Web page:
The most damaging content to Edward that Dateline could have found was his reading of cameraman Tony Pagano. It is intriguing, however, that in most of the Dateline interview Edward is wearing a tie, but when approached about Pagano’s reading the tie is gone and shirt button undone—a good sign that he had finished interviewing, perhaps even was previously experiencing ADC before taping this part of the segment (assuming he never wears ties while in such a state). Pagano (as previously mentioned) also curiously tapes himself in a mirror and is taped innocently by the other cameraman outside of the session, which is suspicious for a trained cameraman. Moreover, if Edward somehow culled enough information from Pagano for a cold reading, why would the cameraman (and Dateline for that matter) play along in front of a room of people?
Nevertheless, when asked about the incident, Edward’s facial expressions are consistent with being off guard, starting with confusion (Tony who? How am I supposed to remember everyone I read?), followed by disdain (I’m not going to change your mind no matter what I say) followed by composure (common practice for someone who has presumably met with this question before). In the debating field it is unofficially called “slamming the door”: if caught short in an argument you cannot win, you back off and wait for the next fight. Which, if Dateline is any measurement, Edward has met before and will meet again.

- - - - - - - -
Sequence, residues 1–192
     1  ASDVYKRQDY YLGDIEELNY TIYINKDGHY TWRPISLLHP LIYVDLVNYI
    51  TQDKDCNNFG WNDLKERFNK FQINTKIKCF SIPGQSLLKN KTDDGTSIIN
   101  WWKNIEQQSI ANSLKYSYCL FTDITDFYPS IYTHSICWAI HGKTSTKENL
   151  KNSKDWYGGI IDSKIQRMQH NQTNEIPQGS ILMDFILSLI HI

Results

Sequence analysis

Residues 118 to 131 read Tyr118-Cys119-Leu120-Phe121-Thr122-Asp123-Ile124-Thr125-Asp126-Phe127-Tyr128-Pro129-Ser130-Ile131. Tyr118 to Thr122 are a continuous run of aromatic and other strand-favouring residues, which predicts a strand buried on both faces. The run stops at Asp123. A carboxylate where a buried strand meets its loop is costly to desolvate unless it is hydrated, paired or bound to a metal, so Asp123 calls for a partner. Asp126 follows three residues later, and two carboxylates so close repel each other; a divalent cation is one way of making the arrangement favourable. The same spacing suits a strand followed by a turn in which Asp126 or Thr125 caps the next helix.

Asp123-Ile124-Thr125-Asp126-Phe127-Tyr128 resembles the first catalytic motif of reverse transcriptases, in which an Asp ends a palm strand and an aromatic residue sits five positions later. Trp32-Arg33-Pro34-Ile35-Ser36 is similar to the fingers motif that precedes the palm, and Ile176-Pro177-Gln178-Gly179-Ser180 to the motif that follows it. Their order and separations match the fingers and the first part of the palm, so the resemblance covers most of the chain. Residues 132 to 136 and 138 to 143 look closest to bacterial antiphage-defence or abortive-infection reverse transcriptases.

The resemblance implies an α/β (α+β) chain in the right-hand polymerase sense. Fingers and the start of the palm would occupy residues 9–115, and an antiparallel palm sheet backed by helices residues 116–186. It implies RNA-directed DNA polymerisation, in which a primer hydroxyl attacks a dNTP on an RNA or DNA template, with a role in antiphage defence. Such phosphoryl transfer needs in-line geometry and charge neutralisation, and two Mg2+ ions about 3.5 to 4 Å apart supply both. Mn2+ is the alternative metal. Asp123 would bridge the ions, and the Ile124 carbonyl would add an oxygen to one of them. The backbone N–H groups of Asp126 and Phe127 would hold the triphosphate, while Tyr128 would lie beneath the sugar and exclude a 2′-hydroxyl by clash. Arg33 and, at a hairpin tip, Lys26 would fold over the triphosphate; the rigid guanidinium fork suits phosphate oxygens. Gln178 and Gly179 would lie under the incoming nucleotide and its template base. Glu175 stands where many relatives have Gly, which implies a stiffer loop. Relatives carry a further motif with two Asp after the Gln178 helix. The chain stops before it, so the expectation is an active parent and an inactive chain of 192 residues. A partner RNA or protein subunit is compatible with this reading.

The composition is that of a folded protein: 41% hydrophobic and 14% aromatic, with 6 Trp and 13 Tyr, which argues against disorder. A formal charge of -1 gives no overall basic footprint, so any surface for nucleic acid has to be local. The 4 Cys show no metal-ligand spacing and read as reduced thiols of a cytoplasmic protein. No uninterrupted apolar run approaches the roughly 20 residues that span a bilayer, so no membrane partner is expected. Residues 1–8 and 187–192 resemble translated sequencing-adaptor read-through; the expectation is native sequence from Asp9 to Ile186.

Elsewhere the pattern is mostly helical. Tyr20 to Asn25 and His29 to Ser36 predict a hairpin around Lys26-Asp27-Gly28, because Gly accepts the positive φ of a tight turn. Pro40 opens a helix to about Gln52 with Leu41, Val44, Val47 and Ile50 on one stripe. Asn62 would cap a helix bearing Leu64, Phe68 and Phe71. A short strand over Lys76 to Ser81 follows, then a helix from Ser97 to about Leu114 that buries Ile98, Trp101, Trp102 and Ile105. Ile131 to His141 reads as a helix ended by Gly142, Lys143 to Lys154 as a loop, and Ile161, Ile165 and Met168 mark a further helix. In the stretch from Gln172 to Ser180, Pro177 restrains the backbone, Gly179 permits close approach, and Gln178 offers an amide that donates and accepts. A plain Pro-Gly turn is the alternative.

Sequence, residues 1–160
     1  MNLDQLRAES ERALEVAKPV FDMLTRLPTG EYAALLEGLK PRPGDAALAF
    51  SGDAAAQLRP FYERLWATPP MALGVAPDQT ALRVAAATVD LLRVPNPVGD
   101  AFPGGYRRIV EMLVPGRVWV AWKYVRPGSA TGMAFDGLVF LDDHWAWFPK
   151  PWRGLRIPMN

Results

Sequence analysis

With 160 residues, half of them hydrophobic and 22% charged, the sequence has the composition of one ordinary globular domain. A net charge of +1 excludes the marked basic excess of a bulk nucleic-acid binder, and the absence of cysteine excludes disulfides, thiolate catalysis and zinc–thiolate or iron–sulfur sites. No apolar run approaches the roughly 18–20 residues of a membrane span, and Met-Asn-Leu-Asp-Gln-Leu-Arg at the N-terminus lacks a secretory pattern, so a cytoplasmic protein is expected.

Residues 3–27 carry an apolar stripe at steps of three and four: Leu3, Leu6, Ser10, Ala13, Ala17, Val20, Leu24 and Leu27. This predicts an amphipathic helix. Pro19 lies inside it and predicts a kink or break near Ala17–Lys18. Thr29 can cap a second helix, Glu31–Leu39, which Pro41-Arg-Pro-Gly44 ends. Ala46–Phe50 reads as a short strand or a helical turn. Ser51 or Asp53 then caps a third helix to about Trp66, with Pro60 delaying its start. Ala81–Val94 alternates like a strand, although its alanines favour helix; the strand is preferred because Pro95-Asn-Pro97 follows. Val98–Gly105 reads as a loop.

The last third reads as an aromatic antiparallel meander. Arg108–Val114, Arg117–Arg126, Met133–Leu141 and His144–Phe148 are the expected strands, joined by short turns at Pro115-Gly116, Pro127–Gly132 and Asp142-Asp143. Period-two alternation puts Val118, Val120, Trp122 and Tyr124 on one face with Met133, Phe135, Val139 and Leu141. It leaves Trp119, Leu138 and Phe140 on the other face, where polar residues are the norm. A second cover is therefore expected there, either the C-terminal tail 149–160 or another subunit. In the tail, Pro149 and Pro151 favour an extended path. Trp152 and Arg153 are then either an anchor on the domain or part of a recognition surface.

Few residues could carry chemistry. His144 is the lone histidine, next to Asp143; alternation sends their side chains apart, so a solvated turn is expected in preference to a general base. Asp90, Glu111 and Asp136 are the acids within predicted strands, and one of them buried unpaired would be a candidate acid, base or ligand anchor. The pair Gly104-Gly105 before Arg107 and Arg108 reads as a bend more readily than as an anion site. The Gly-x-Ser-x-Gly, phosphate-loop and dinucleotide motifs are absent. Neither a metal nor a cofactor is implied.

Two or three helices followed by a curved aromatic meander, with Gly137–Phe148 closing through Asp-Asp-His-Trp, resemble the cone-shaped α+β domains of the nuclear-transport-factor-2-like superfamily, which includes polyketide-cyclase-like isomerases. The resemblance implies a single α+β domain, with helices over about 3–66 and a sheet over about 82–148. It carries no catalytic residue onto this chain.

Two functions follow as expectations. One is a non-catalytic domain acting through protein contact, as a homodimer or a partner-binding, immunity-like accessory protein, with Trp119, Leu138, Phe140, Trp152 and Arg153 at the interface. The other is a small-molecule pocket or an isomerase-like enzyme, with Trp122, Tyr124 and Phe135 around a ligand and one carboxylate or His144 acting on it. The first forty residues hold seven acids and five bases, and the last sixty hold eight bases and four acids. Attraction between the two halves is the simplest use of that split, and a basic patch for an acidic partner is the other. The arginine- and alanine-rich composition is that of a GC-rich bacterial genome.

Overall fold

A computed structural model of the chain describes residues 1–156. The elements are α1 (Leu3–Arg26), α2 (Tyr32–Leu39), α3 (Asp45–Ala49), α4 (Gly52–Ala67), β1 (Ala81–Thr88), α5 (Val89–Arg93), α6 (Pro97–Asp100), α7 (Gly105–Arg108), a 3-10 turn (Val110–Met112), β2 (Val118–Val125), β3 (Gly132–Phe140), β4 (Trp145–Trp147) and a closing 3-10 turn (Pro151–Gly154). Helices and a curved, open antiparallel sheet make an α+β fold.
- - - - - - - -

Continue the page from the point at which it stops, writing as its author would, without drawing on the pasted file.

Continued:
True, Dateline could not have shown every second they taped with everyone involved in the interview. As a news magazine, however, Dateline has the responsibility to equally show both sides of a topic in order to allow the viewer to judge for themselves which avenue they choose to accept. Judgment on Dateline’s part for this segment, however, was not reserved. Nor was it unnoticed. None of the three critics viewing Dateline’s “Sixth Sense?” segment were swayed by Hockenberry’s commentary. Neither were eighty high school journalism students. Informally polled in a writing assignment (11/21/00), not one of the students changed their beliefs about ADC because of the Dateline segment. In fact, more questioned Dateline’s journalistic integrity in reporting on past and future story assignments than in questioning Mr. Edward’s mediumship.
Can John Edward effectively communicate with the dead? Maybe. It seems, however, that the question posed on November 17, 2000, was not whether or not it was possible for Mr. Edward to communicate with those who have “crossed over”, but whether or not Dateline could communicate a journalistic debate with its viewers. For this reviewer, that debate is still unsolved.July 6, 2002 at 5:14 am #78370
Who can believe anything Nightline puts on the air? How many of us remember the GM truck fiasco that involved Nightline? Nighline has lost all crediblilty with me.